Cities for Citizens: Identification of Public Values and their Conflicts in Urban Space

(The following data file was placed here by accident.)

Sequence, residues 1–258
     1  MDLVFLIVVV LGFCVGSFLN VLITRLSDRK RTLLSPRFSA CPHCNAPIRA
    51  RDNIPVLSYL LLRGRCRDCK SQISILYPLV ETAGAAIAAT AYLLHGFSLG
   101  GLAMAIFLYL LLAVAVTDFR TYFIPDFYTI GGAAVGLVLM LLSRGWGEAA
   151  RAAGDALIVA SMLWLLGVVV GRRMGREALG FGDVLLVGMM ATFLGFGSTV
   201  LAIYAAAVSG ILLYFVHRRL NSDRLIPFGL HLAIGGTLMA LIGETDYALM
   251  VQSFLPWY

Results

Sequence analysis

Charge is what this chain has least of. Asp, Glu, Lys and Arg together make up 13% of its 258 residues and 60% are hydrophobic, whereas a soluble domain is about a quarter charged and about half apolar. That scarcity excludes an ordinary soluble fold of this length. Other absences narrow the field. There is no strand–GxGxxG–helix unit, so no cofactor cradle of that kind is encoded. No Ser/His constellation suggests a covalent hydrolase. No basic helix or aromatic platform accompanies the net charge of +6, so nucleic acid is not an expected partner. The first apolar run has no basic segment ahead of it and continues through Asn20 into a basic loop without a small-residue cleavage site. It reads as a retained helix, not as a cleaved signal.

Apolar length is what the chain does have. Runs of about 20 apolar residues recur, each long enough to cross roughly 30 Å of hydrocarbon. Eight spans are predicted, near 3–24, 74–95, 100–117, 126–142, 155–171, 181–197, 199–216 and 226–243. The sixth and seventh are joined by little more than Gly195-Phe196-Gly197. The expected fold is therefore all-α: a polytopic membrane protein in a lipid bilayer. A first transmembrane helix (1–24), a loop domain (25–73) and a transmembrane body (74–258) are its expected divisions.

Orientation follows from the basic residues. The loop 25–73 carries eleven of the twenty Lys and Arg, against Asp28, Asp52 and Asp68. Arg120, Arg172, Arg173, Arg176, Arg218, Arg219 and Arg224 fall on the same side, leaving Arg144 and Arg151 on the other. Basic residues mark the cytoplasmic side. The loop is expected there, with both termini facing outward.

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In the wake of more inclusive and sustainable cities, as targeted in the UN’s Sustainable Development Goal 11, public administrators and urban planners aspire to incorporate the pluralism of public values into decision making. Although theoretical work exists since the 1990, public values and their conflicts are yet to be empirically identified and applied in a context of relational urban space. This study makes use of a case study-mixed methods approach combining a quantitative strand to identify public values and their conflicts from geo-located citizen contributions using natural language processing with a qualitative strand that leverages expert workshops. Integrating the findings from both strands embedded in the case study of Hamburg, Germany, there is evidence for a broader conceptualization of public values. In a new conceptual tool named "public value spheres", the main identified public values of social equity, livability, economic opportunity, ecologic quality, safety, health and conservatism are displayed. A total of nine archetypical spatial public value conflicts were found within Hamburg, among them the newly identified "externality conflict", "dangers of nature conflict" and the "drawback of beauty conflict". The findings provide urban planners and practitioners with a new tool to account for the value-laden nature of relational urban space in future participatory processes. The citizenry itself could profit from a better discourse due to aggregation of voices in participatory tools and a transparent mapping of public values that creates a sense of the pluralism of public values within a city. Future research is needed to expand the conceptual tool of public value spheres with case studies of different cities and to investigate possible constituting socioeconomic factors of public values within urban planning.